I am writing about Cheetham’s Bake House which was situated in the middle of Ryton Street on the left hand side.
This was owned by Mr William Cheetham who started the business in the 1940s, it was then taken over by his sons Vin, Len and Billy, they also had a sister Maud who was my father’s mother, my grandmother. My grandfather, Maud’s husband was the baker alongside Vin, Len and Billy.
When my father was 13 he passed his exams to go to grammar school, but my grandfather wouldn’t let him go as he had to go into the family business as an apprentice baker. My father always said this was his greatest regret that he never got to go to grammar school as he never wanted to be a baker.
My earliest memories are of going to the bakehouse when my father was working especially in the winter when it was cold and you would step into the warm bakehouse smelling of fresh bread that were being made. As a treat my brother and myself would be allowed to go into the stoke room at the back of the giant ovens where the coke was kept to fuel them and dad would shovel coke into the bottom to keep them up to the right temperature to bake the bread etc.
My brother and I would sit in there keeping warm eating a teacake fresh from the oven (no butter needed). There was a window in there which looked over the River Ryton and we would watch the swans swimming past with their baby signets. They were used to my dad as he would feed them with dry bread which was left over, they got so tame that they would come right up under the window and dad would lean out and hand feed them.
There was also Cheetham’s shop and cafe which was situated on Bridge Place and from the back of the cafe you could access the bakehouse. The shop was at the front on the main street with the cafe at the bottom end, then upstairs was the restaurant which was quite posh in those day. It was all Silver Service with posh cups and plates and fancy cake stands and a bit more expensive than the cafe.
Cheetham’s also had an outside catering service, catering for weddings, parties and many dinners and conferences for the local businesses and companies in the area. They also catered for North Notts Farmers who were based right at the end of Ryton Street which is now the Guardian/Trader offices. The farmers used to have a refreshment tent at all the agricultural shows in the area i.e. Yorkshire Show, Lincoln Show and many more. My mother was a waitress and used to cater for all these and when we were on holiday from school my brother and I used to go with them and help set out all the table and chairs in the tent and carry all the food in. As I got older I also used to help the waitresses. It was such an adventure going to these shows as we would wander around all the stands and see the cows and horses and watch the horse jumping and collect all the freebies from the stands. This was in the 60s when children could wander about on their own without any worries!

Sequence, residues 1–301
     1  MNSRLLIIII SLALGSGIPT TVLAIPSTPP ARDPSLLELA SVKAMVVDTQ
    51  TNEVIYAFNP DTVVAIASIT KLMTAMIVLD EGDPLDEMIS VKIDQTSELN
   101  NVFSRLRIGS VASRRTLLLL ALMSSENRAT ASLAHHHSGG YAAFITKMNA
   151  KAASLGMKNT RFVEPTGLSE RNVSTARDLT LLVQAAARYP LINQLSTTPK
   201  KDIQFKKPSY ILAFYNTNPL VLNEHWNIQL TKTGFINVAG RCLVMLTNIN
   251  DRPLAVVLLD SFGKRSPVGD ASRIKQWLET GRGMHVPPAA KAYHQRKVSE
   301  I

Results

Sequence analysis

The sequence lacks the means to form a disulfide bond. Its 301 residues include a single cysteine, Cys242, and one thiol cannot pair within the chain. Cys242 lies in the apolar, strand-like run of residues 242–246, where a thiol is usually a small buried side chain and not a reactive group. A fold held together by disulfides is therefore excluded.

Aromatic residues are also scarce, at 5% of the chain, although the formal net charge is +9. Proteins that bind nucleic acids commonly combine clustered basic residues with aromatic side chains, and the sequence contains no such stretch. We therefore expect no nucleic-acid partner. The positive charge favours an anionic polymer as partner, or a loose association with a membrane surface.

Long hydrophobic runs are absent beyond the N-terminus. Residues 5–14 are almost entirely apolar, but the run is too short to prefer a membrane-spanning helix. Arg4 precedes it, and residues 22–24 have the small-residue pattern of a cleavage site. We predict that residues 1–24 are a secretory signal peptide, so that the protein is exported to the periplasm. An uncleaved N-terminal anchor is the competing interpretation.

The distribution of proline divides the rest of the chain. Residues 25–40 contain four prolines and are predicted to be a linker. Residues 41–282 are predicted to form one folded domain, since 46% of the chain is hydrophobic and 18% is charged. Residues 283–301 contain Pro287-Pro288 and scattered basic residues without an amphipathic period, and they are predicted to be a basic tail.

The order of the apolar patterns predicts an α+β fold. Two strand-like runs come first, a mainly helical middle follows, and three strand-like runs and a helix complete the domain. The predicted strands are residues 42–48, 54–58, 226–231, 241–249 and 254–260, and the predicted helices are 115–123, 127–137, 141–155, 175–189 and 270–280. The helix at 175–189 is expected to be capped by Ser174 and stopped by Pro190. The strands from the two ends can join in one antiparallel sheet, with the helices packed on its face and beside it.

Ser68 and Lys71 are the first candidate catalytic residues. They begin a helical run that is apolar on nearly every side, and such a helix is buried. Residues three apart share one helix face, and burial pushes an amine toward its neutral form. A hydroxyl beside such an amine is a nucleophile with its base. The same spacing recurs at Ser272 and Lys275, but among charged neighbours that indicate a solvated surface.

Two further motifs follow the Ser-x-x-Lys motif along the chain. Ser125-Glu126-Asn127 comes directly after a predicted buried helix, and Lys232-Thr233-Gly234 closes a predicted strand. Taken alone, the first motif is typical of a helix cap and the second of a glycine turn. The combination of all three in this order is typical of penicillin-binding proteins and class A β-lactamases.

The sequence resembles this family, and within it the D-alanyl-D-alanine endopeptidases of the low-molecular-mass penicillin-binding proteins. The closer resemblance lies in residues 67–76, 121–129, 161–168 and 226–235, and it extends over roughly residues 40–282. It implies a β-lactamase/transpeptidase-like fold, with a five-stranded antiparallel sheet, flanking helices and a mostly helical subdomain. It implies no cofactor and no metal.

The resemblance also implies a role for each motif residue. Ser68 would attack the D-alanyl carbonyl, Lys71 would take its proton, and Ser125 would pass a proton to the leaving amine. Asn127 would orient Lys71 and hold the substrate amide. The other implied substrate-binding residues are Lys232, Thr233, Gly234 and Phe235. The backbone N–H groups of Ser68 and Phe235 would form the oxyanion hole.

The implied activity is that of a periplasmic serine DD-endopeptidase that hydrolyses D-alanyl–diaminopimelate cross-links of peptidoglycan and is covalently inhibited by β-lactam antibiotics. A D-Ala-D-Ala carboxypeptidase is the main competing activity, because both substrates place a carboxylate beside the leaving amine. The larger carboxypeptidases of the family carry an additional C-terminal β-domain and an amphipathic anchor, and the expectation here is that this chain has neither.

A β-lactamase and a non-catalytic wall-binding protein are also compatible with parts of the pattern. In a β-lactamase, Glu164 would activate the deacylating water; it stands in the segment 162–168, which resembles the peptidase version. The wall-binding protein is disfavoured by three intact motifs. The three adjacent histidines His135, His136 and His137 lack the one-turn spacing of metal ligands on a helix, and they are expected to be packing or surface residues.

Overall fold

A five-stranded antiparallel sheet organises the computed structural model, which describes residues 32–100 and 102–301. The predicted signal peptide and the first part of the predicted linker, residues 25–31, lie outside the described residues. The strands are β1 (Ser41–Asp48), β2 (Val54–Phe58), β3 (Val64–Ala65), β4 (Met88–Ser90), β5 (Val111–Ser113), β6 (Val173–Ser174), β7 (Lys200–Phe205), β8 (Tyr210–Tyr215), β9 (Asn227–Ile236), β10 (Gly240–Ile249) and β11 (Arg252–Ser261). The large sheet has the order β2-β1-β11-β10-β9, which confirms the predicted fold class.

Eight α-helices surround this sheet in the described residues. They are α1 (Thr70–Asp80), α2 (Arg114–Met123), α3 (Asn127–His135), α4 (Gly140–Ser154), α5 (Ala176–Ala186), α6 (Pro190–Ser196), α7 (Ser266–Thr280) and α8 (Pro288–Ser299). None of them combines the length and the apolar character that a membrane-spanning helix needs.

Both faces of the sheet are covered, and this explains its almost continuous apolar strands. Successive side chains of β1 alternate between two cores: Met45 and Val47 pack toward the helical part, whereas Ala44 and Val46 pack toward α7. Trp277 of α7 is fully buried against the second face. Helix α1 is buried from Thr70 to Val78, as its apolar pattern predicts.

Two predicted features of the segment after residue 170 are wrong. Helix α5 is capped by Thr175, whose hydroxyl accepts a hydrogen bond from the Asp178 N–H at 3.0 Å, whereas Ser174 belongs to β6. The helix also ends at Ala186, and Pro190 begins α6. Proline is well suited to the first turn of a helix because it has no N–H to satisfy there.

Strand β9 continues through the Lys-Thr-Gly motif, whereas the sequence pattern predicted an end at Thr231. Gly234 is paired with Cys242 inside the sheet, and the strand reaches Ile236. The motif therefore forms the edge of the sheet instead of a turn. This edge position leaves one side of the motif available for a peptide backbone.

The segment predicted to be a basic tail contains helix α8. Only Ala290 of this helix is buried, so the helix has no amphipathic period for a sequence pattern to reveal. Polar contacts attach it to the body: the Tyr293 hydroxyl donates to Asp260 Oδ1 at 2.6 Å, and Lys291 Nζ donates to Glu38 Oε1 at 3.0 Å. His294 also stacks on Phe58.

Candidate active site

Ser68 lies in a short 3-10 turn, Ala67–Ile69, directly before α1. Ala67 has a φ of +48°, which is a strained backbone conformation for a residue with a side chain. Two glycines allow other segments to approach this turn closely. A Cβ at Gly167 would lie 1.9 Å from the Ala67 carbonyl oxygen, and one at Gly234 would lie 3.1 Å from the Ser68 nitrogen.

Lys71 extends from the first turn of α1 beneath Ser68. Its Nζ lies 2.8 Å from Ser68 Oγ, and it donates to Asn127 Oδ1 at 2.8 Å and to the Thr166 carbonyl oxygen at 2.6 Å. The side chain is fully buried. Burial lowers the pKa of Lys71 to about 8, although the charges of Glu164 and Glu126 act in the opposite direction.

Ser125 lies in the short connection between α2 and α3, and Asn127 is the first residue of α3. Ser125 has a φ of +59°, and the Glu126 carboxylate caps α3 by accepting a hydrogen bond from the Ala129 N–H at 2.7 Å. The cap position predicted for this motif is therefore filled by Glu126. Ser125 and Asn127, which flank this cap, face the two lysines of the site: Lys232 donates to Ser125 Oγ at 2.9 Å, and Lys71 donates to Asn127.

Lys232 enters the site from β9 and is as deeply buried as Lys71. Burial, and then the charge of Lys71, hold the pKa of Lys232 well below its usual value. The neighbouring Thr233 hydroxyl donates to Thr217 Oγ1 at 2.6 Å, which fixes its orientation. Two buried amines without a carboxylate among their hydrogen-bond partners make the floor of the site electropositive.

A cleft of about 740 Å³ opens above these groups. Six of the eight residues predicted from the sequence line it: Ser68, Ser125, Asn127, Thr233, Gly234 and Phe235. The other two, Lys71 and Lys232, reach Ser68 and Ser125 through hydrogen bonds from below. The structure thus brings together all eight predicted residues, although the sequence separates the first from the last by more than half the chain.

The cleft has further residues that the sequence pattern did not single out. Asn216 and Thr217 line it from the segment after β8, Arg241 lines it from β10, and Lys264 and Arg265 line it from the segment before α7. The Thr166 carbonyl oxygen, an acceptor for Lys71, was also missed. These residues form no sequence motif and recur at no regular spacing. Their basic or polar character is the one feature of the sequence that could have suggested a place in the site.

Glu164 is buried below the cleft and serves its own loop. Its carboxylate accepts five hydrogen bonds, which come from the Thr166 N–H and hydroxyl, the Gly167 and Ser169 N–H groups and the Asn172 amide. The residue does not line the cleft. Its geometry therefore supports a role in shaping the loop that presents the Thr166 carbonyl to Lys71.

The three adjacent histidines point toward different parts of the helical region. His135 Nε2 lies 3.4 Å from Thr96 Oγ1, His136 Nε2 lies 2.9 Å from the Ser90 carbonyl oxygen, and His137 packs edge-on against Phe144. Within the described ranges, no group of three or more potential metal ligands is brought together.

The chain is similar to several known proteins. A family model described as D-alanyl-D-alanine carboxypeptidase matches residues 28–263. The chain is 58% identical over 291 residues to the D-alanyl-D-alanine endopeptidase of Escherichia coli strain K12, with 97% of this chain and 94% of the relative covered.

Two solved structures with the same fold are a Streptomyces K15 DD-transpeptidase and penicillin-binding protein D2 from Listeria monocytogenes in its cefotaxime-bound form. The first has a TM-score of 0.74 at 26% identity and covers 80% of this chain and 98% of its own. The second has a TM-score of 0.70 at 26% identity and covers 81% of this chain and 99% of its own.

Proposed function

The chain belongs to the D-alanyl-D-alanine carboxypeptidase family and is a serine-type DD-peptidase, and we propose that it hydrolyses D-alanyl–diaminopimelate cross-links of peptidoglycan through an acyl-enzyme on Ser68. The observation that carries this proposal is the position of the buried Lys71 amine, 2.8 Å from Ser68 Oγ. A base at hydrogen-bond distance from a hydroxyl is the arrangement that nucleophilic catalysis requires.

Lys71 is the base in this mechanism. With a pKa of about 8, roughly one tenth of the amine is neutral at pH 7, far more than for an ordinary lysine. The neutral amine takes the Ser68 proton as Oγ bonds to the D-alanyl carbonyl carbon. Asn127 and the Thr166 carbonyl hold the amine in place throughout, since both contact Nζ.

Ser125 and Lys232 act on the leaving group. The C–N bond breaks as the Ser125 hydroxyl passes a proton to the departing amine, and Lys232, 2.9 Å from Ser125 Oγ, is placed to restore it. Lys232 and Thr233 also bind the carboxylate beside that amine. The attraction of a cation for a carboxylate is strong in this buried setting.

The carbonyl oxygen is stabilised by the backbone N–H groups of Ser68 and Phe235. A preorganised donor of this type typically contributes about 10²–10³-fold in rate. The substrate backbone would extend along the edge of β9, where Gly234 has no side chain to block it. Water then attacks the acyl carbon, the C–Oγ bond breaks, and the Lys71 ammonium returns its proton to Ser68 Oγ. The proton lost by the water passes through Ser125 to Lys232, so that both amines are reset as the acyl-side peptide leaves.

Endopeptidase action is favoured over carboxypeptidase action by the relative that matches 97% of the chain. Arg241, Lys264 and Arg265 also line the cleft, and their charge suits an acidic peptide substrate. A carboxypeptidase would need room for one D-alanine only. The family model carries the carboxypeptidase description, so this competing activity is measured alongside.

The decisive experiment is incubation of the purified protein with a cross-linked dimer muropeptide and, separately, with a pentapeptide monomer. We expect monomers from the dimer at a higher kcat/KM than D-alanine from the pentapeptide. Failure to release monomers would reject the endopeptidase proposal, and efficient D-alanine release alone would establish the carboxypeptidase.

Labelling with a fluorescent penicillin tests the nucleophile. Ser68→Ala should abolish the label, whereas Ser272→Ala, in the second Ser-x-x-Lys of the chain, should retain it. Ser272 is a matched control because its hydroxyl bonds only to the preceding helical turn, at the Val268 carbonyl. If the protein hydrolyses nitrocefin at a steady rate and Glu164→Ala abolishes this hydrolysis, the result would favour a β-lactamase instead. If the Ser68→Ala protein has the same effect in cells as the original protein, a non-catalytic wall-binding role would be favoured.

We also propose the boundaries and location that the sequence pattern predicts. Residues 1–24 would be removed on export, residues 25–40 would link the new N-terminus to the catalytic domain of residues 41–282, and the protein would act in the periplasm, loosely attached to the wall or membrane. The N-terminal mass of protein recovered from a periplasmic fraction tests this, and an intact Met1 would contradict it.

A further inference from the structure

Eventually Billy and Len retired and Vin ran the business with his son Gary, who then took over when Vin retired and eventually Gary retired and the shop is now Thorntons. The bakehouse no longer exists but is now an Indian restaurant. Everybody knew Cheetham’s and it was very popular. When my father Reg Wright reached 50 he’d had enough of being a Master Baker and took a job with British Rail working as a train preparer until his retirement.